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KCPD Employee Who Allegedly Claimed to Be Officer, Left Accident Scene, Works in IT

Glenn E. Rice

Victoria Russell says she was in a minor car wreck in December with a Kansas City Police Department employee who falsely claimed to be an officer and left the scene. Russell has filed a complaint. By Glenn Rice Up Next Current Time 0:20/Duration 2:30And she said, no, you ran into me, and then she was all bent out of shape and Victoria Russell says she was in a minor car wreck in December with a Kansas City Police Department employee who falsely claimed to be an officer and left the scene. Russell has filed a complaint. By Glenn Rice

A woman accused of falsely identifying herself as a police officer and leaving the scene of an accident is an IT supervisor at the Kansas City Police Department, officials confirmed Tuesday.

A police investigation is being conducted into allegations that Paula Chapman-Fagan, 55, “flashed a police badge” and drove away after a car accident late last year in the parking lot of a Platte County thrift store.

Russell said Chapman-Fagan became angry and drove away when she asked for driver’s license and insurance information after their vehicles backed into each other in the parking lot of the thrift store in the 6500 block of North Cosby Avenue on Dec. 19.

Chapman-Fagan has worked for the police department since 2002. Police said Tuesday there was no criminal investigation underway but they have launched an internal review in response to the complaint.

Chapman-Fagan is currently employed and not on any duty restriction, said Sgt. Jacob Becchina, a police spokesman.

“There was no indication at any point that any “enforcement action” or “Police action” was attempted to be taken,” Becchina said in an email.

“None the less, the internal review is taking place to ensure that is the case. Simply attempting to gather information from another person involved in an accident is not police action,” he said.

“Those complaints are investigated and the results forwarded to the members chain of command for disposition if appropriate, just like in any other case involving a complaint to OCC,” Becchina said.

Chapman-Fagan could not be reached for comment. A phone message left at her home was not returned Tuesday.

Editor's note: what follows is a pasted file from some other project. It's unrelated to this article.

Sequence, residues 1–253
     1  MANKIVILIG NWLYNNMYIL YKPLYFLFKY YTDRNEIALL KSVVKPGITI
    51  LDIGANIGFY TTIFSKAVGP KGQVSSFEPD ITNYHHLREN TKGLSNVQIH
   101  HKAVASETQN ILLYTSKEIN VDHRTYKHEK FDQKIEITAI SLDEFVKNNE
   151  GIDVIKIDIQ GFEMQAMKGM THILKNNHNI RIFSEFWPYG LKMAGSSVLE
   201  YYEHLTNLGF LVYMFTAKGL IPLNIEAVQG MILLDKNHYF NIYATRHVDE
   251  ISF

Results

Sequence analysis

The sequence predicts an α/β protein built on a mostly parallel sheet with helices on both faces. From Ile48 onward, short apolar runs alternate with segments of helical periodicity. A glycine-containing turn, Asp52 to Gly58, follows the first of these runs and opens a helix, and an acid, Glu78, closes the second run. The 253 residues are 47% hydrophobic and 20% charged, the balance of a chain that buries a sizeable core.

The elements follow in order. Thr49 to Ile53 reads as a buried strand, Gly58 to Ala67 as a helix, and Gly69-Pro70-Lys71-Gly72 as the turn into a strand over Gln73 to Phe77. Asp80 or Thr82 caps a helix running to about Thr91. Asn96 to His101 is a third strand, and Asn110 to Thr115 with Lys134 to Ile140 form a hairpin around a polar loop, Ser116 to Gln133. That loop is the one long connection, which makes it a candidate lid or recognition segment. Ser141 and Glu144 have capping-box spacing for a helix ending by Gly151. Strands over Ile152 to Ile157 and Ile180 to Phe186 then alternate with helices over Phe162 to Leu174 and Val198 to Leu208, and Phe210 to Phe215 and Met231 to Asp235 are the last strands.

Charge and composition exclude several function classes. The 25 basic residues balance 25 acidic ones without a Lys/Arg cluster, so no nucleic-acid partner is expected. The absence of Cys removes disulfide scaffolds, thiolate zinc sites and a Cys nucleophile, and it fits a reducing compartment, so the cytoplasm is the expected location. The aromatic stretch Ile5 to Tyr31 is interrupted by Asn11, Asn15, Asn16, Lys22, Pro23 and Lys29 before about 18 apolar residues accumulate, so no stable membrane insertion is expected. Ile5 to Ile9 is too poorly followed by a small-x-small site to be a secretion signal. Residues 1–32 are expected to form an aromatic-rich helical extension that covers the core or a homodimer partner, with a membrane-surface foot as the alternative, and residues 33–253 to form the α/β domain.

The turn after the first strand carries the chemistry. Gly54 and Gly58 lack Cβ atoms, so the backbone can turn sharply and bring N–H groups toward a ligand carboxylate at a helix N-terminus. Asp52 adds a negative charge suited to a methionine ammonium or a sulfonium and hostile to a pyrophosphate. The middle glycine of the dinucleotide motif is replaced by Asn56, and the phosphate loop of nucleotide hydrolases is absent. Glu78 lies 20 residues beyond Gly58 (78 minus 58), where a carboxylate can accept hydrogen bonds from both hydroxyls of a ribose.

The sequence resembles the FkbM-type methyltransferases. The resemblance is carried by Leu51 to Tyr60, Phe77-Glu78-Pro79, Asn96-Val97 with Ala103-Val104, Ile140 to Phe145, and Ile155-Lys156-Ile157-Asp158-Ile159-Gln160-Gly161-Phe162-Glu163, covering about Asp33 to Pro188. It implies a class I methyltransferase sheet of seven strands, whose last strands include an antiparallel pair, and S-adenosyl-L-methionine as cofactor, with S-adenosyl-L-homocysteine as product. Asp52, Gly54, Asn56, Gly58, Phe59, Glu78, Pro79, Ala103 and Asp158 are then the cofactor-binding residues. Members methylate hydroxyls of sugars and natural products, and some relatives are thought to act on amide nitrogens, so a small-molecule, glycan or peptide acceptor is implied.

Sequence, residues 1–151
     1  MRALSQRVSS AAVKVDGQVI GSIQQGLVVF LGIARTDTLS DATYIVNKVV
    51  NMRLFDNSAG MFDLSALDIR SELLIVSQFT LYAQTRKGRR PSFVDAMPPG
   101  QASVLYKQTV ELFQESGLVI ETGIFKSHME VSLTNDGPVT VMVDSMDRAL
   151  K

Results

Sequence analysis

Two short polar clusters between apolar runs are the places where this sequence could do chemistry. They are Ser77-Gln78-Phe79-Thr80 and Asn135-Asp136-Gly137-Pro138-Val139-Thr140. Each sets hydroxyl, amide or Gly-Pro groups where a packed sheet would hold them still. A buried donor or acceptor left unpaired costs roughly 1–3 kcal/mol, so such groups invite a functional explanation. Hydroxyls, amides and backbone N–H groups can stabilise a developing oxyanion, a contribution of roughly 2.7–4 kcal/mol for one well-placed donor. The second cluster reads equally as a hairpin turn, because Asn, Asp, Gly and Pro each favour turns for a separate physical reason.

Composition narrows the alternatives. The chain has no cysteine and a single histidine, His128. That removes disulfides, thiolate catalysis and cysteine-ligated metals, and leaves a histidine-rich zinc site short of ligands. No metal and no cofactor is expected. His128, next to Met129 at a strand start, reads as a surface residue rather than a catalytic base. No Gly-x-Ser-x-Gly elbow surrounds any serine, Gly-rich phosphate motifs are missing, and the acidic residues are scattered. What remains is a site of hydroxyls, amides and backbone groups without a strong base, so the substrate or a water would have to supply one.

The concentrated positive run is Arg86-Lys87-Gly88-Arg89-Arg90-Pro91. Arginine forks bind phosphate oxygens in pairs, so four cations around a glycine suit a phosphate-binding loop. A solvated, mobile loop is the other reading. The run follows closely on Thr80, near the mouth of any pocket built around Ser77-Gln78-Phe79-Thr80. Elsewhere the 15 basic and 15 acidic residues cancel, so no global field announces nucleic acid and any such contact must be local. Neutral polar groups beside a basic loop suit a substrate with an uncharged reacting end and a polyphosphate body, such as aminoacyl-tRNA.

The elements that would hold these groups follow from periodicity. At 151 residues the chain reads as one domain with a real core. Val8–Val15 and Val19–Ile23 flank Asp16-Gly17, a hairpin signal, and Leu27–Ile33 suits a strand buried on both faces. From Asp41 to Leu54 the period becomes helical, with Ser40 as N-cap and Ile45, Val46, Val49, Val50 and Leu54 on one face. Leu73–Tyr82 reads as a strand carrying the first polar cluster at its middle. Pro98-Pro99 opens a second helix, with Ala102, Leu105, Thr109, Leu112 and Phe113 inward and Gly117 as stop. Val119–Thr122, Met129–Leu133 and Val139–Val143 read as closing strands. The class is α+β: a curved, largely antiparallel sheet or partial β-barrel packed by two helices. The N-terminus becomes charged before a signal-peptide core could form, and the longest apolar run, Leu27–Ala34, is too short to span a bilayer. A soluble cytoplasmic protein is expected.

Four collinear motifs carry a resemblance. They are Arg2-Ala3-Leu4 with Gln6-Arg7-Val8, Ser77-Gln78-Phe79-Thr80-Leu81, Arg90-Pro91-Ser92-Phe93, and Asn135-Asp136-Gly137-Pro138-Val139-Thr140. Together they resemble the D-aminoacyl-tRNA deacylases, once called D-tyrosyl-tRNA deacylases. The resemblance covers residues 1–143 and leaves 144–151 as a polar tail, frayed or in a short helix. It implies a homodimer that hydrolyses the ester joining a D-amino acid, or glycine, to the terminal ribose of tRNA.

Authority Questioned

Russell, a resident of Laurel, Mississippi, said she was in the Kansas City area as part of a temporary work assignment at Liberty Hospital. Before returning to Mississippi at the end of the week she hopes for a resolution to her complaint.

“I want them to do something about this,” she said. “They have an employee who is acting like a police officer. I don’t know if she has done it to other people before or if this is her first time. Somebody should have done something.”

The internal investigation was launched after Russell filed a complaint with the OCC office on Dec. 23.

Russell said she and Chapman-Fagan got out of their vehicles immediately after the accident. Neither vehicle showed any damage, but Russell said she wanted to exchange driver’s license and insurance information with the other driver.

Chapman-Fagan allegedly replied: “No, you ran into me, I was honking my horn over and over. You ran into me, your music is too loud.”

When Russell asked Chapman-Fagan what she wanted to do, Russell said the woman “flashed her police badge,” Russell said. Chapman-Fagan demanded Russell’s license and insurance information but, Russell refused.

“How do I know you are a police officer and that that badge is real?” Russell asked.

In her complaint, Russell said the woman told her that she was off-duty and was driving her personal vehicle. Russell insisted they call 911 and have a uniformed officer respond and sort out their disagreement.

But Chapman-Fagan got back into her vehicle and drove away. Russell grabbed her cellphone and tried to take a photo of the woman and her license plate, Russell allege.

The Law

Kansas City Municipal Prosecutor Linda Miller said she was not aware of the accident and nothing has been presented to her office to review.

Miller declined further comment but cited three municipal ordinances that pertain to leaving the scene of a vehicular accident.

Drivers are required to share their driver’s license information, vehicle registration number of their vehicle. They are also required to notify the police department, according to the ordinances.

John Picerno, a Kansas City defense attorney, said in some instances, a motorist can be charged with a misdemeanor for leaving the scene of an accident.

Platte County Prosecutor Eric Zahnd said nothing has been presented to his office for criminal charges.

Zahnd said it is misdemeanor under Missouri law for a person to falsely represent themselves to be a law enforcement officer with the purpose to make another person to submit to their pretended official authority.
Read more here: https://www.kansascity.com/news/local/crime/article240627247.html#storylink=cpy